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Taking Africa from Promise to Power



By Louisa Olubukola Kinoshi
As the United States and the global economy continues to tank, Nigerians abroad are beginning to consider opportunities back home. A strong contrast to the “developed world,” the African economy is expected to expand at more than 5% this year. Certain sectors that have been affected strongly by the global financial meltdown remain strong in Africa. Africa has the most profitable airlines since 9/11 and the fastest growing cell-phone service. Nigeria has been listed among Goldman Sach’s “Next 11”, countries identified by the bank as having a high potential of becoming one of the world’s largest economies.
This past weekend I attended the Africa Business Forum at the Wharton School, University of Pennsylvania. Capitalizing on Obama’s recent win, the conference couldn’t help but address the economic and political climate in Africa. A recurring theme of the conference was the need for public-private partnerships. Panelists called for students to go back to the continent and participate in public service in order to redefine what is possible in Africa. According to the Former Minister/Governor of the Federal Capital City of Nigeria, Mallam Nasir El-Rufai, “to go into politics, you must care enough and be angry enough.”
The conference provided rich information about business and economics framed by African history. Did you know that Socrates studied philosophy in Egypt? or that the medical procedure we now know as the “caesarean section” was performed on Cleopatra by African medical doctors in the ancient land of Khemet when she delivered Little Caesar? Sankoré Madrasah or the University of Sankoré located in Timbuktu, Mali was one of the first great learning centers in the world and students came from all corners of the African continent in search of excellence in knowledge and trade. The idea of Africa as a major world power should not be a new one because it has always been a part of our history.
The Media Landscape in Africa
I was really inspired by the panel on media which was moderated by Kemi Adetiba, host of Studio 53. Panelists included Toyin Subair (HiTV), Chantelle Abdul (Apprentice Africa), Tope Esan (NEA) and Mark Walton (The Africa Channel). According to the panelists, there is a strong market for media in Africa but there is also a strong need for infrastructure. The industry is currently run by talent and needs professionals who can create a formal structure of doing business. “Now is the time for managers who can help entrepreneurs achieve their dreams,” said Subair.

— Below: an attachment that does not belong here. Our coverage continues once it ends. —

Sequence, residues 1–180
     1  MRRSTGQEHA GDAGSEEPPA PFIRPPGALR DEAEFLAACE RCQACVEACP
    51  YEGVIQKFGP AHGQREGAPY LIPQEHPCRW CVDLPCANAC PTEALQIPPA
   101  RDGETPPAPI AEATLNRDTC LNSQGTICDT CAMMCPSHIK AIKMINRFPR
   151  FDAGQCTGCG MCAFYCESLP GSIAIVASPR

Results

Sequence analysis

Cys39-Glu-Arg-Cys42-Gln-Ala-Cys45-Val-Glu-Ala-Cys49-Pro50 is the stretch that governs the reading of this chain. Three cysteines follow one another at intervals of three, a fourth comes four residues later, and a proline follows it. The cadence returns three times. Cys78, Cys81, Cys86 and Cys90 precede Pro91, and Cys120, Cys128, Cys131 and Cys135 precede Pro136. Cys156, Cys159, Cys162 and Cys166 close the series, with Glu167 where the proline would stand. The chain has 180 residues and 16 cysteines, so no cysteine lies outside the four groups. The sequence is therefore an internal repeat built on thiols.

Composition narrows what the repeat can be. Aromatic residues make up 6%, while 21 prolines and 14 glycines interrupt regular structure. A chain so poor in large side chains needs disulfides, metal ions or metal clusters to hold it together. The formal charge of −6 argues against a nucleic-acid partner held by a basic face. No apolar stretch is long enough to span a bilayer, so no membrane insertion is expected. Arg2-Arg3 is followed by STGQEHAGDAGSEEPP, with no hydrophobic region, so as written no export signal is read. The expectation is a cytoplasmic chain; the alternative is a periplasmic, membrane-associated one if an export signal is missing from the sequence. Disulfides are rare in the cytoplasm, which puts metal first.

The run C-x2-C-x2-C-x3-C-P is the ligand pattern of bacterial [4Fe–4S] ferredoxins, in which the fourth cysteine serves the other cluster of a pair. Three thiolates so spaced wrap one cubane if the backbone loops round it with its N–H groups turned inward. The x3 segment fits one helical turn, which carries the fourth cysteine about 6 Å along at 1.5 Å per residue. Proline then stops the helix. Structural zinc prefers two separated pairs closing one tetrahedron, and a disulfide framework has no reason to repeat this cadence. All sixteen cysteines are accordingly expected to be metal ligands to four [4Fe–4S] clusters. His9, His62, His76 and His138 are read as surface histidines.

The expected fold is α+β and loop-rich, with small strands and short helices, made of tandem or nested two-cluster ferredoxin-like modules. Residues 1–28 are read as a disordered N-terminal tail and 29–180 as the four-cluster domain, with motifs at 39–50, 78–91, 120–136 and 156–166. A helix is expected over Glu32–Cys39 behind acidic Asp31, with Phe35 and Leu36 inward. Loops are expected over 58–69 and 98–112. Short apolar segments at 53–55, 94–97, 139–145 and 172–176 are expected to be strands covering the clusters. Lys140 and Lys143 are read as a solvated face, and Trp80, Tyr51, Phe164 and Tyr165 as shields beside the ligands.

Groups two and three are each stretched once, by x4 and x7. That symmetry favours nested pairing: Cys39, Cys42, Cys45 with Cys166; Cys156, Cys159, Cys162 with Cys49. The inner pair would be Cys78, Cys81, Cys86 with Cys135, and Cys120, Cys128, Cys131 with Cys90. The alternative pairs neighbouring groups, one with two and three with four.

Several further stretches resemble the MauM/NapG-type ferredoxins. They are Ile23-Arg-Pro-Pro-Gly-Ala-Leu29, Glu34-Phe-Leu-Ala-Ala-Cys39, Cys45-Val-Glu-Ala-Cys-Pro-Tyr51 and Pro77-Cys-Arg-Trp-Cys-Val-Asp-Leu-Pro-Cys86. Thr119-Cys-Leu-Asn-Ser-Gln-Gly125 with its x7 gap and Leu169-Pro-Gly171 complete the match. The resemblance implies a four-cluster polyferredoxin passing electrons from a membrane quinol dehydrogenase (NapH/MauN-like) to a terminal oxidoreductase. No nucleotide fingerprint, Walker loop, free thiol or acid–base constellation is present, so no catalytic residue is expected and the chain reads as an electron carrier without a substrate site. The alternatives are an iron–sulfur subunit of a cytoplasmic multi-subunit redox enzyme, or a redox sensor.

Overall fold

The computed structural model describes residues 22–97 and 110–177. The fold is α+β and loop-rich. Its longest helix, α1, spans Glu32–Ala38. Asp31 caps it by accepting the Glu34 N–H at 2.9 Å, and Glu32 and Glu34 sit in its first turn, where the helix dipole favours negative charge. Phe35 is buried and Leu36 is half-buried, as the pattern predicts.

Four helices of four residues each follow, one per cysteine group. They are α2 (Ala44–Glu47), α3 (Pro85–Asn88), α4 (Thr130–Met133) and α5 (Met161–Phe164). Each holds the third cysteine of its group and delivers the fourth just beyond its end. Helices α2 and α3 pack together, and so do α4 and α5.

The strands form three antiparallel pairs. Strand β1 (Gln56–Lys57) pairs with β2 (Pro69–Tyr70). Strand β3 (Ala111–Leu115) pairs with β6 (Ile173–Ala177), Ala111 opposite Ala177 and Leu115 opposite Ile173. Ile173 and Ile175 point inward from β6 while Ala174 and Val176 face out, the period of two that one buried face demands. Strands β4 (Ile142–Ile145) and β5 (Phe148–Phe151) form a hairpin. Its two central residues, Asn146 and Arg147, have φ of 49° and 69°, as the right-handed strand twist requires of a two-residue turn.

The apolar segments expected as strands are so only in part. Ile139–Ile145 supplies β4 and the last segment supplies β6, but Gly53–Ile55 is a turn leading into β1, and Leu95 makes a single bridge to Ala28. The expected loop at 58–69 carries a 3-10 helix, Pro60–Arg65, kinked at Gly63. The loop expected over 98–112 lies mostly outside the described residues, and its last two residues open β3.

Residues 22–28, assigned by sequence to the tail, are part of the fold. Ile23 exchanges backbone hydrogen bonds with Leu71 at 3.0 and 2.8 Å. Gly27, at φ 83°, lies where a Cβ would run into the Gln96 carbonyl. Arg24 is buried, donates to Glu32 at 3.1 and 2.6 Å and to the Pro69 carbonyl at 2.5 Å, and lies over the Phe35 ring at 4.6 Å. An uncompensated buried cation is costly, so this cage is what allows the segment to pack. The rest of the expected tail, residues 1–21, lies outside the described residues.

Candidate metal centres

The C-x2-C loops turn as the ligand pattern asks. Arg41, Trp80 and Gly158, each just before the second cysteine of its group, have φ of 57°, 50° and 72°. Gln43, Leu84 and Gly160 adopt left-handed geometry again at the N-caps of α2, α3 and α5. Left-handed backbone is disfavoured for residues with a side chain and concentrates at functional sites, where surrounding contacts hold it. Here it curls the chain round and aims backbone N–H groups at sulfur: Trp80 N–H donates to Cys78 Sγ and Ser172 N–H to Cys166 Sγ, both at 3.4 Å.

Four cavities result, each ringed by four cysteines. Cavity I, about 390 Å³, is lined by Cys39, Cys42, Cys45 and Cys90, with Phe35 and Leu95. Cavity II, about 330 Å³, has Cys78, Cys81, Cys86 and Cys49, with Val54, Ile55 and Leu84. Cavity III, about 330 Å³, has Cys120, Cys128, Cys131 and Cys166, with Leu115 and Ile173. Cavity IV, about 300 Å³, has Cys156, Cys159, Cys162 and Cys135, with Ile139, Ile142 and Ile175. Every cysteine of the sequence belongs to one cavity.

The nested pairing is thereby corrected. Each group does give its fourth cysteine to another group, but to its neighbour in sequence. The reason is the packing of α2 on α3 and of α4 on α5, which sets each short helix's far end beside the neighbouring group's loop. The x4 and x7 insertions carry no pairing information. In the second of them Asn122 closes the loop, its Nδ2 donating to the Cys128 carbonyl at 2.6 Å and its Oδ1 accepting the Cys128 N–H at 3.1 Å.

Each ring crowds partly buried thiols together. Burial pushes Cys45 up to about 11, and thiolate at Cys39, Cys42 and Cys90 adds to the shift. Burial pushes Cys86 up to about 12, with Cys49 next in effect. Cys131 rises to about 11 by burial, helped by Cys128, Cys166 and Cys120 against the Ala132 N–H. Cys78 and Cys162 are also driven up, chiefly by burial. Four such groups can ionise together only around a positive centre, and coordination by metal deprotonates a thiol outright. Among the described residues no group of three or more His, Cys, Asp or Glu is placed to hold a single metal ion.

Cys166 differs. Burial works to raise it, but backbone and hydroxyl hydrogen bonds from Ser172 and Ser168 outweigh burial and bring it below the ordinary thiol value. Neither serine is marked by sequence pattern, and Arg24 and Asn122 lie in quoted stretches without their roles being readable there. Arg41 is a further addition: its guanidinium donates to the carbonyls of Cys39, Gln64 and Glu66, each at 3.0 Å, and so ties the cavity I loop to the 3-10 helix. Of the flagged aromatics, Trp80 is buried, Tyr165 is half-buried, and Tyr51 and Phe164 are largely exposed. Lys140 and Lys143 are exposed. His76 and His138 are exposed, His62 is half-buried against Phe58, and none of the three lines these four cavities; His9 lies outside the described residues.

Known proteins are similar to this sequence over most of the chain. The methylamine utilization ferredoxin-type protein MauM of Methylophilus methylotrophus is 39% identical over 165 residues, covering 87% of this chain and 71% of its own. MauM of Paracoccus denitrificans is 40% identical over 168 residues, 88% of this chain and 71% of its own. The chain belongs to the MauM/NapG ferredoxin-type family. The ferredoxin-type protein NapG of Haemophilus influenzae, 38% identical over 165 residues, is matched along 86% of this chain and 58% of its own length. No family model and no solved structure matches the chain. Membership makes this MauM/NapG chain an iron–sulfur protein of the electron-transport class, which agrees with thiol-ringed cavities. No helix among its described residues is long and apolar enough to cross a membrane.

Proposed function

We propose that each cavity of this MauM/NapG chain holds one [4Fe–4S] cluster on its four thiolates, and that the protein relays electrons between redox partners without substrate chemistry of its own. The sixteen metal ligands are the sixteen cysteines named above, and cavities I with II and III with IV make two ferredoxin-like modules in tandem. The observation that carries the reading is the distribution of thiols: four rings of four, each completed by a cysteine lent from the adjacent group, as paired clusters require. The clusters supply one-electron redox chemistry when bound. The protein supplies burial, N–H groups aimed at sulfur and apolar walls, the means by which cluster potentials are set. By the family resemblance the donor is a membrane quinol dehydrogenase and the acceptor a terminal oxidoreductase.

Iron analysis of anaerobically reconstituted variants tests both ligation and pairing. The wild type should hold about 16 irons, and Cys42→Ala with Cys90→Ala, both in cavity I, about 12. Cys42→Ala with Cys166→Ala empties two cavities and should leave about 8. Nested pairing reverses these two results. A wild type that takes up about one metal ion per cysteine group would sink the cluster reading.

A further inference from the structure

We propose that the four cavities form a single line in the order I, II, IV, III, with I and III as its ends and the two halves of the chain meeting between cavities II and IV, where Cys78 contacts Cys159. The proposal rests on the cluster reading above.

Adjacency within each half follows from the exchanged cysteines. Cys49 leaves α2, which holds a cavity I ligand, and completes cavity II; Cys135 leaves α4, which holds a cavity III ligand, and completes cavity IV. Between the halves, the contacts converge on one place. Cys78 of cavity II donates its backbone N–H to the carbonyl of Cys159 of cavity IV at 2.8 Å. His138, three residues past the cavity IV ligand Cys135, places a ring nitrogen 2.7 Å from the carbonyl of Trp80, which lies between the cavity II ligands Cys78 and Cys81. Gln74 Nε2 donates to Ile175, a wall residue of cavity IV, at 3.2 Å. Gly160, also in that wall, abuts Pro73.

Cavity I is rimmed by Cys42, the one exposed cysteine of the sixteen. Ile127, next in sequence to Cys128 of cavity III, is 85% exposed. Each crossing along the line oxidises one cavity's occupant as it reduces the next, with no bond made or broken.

Going Back Home
Now for those who are reading this post and are ready to jump on the next flight home, speakers at the conference cautions young people from having a distorted image of the realities in Africa. Students looking to go back home should do their research and prepare beforehand. It is still important to know that Nigerians are the highest educated foreign group in America and by participating in the brain drain we have become human capital for other nations. One panelist described this as slavery the second time around stating that we have taken resources away from our communities, e.g. the money that was used to pay for school fees, and instead of reinvesting our human capital back home we are only making western countries richer. Just a food for thought.
If you are interested in learning more about economic issues in Africa look out for the Harvard Africa Business Conference in February and the Wharton conference again next year.
Ciao! Au Revoir! Odaro!


About Louisa Olubukola Kinoshi

Louisa enjoys working with fashion designers from emerging markets and freelanced during the Spring/Summer 09 New York Fashion Week. She is an Assistant Account Executive in the Public Affairs practice at Edelman PR, the world’s largest independent agency. Louisa has worked for various clients including Starbucks, Robert Wood Johnson Foundation and Higher One, a financial services company focused on higher education. Prior to joining Edelman, Louisa interned at the Democratic National Committee where she conducted research regarding women’s issues, women’s voting patterns and wrote pieces for the Women’s Leadership Forum blog. Louisa graduated from Carnegie Mellon University in May 2008 with a degree in Professional Writing.

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